With JFF survey data suggesting that 55 percent of Black Americans reported never having a career mentor, many of the organizations identified through the scan also have a dedicated focus on providing mentorship and support from other technologists of color.
The Innovators to Watch (in alphabetical order) are:
- Black Girls Code, a nonprofit that has provided software development training to more than 30,000 Black girls ages 7 to 17 to help them get started on journeys that could lead to careers in tech.
- Black Tech Pipeline, which provides recruitment services that connect Black technologists to companies with diverse, equitable, and inclusive work environments.
- CodePath, which provides college students with no-cost coding courses, mentorship, and career support to prepare them for careers in tech.
- Code2040, a nonprofit community of Black and Latinx tech professionals offering internships, mentoring programs, and professional development opportunities for early-career technologists.
- /dev/color, a peer mentoring community that provides a safe and positive environment for Black technologists to support and learn from one another.
- Ed Farm, a Birmingham, Ala.-based nonprofit working to address gaps in K-12 and adult computer science education, with a model that includes wraparound supports like participation stipends and device grants.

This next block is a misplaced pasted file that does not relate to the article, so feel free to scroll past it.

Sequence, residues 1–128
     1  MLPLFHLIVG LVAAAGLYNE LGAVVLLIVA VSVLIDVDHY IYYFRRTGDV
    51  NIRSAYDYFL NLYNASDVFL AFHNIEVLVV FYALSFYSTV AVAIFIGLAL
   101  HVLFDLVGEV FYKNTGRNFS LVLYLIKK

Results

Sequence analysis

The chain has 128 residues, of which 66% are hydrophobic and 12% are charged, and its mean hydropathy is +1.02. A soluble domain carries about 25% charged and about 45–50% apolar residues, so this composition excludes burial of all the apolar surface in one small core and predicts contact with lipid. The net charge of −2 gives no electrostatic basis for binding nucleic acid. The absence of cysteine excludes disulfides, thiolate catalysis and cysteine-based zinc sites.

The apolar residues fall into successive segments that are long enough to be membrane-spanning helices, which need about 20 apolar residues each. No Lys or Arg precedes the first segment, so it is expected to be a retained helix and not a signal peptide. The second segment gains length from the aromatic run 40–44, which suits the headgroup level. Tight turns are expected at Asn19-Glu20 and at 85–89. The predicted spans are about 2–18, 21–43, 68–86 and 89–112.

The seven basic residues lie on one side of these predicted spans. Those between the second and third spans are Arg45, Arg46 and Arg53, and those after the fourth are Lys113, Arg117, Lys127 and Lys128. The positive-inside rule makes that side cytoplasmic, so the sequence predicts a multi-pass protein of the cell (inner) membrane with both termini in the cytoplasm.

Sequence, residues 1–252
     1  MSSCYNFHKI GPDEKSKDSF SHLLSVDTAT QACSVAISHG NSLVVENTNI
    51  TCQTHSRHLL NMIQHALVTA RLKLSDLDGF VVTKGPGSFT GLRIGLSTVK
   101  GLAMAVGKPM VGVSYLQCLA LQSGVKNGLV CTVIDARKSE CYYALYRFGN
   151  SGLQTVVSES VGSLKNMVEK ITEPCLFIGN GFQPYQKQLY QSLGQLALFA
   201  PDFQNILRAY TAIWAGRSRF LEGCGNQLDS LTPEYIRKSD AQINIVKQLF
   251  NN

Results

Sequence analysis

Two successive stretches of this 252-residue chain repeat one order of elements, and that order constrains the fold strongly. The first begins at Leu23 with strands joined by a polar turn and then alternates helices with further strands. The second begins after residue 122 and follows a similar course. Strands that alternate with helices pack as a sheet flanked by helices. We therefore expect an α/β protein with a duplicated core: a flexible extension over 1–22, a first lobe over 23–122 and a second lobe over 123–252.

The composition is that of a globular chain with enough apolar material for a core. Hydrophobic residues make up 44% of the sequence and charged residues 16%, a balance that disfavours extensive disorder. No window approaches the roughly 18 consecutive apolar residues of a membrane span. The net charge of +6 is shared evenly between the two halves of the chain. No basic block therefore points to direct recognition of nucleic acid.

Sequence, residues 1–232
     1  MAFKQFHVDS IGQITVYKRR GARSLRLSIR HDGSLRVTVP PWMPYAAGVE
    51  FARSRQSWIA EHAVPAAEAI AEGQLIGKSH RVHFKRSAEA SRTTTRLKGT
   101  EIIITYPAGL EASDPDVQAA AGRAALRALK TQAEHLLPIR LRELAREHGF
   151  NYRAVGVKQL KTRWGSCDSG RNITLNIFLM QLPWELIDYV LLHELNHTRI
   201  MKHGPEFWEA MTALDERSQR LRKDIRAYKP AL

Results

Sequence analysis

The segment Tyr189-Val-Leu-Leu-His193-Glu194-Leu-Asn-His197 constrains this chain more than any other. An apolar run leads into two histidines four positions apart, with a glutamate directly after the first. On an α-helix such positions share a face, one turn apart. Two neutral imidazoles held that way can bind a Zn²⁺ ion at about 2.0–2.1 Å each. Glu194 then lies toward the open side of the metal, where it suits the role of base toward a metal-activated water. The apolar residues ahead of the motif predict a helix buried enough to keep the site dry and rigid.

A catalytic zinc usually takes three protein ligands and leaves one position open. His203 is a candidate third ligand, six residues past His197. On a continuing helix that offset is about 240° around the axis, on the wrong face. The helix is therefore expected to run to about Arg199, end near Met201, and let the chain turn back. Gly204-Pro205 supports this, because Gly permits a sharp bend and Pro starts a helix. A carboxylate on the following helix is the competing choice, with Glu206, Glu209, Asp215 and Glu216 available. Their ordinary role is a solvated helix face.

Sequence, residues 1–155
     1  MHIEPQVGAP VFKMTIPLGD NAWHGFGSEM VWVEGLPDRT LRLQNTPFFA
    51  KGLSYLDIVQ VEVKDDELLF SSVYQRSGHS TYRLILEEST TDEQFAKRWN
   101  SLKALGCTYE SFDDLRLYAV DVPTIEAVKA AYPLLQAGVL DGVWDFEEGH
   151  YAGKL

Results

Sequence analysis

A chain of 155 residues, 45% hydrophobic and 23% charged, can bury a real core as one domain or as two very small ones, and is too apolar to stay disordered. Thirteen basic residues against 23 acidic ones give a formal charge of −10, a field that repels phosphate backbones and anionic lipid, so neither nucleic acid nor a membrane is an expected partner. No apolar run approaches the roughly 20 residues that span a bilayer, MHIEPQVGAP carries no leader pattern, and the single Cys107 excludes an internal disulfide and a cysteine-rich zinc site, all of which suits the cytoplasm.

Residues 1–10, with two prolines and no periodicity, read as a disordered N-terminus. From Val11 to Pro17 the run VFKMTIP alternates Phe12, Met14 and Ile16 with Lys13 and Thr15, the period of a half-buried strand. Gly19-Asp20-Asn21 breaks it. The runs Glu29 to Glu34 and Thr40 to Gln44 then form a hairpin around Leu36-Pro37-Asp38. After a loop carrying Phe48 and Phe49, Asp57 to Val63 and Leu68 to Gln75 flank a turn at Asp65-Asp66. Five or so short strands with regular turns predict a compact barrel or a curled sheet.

- Eskalera, developer of a digital platform called the Inclusion Index that offers large and midsize employers insights about the effectiveness of their diversity, equity, and inclusion (DEI) efforts.
- Girls Who Code, a nonprofit that creates pathways into tech careers for girls and young women and advocates for gender equity in K-12 computer science and has taught 450,000 girls to code.
- The Hidden Genius Project, a nonprofit which helps young Black males build the experience, networks, and technical skills to succeed as technologists, leaders, and entrepreneurs.
- Kanarys, a platform which offers employers a data-driven approach to improving their diversity, equity, and inclusion initiatives.
- Mentor Method, which matches learners and workers with mentors to help them forge relationships and build the social capital they need to advance in their careers.
- Onramp, a skills-based hiring platform that creates new career pathways for jobseekers who may get overlooked in traditional hiring processes.
- Opportunity Hub (OHUB), parent holding company of a suite of businesses committed to increasing racial equity in the fourth industrial revolution.
- Praxis Labs, which is pioneering the application of virtual reality to help organizations build more empathetic, equitable, and inclusive workplaces.
To learn more about the report and all of the Innovators to Watch, view the full report here.
Comcast NBCUniversal’s partnership with JFF is part of Project UP, the company’s comprehensive initiative to advance digital equity and help build a future of unlimited possibilities.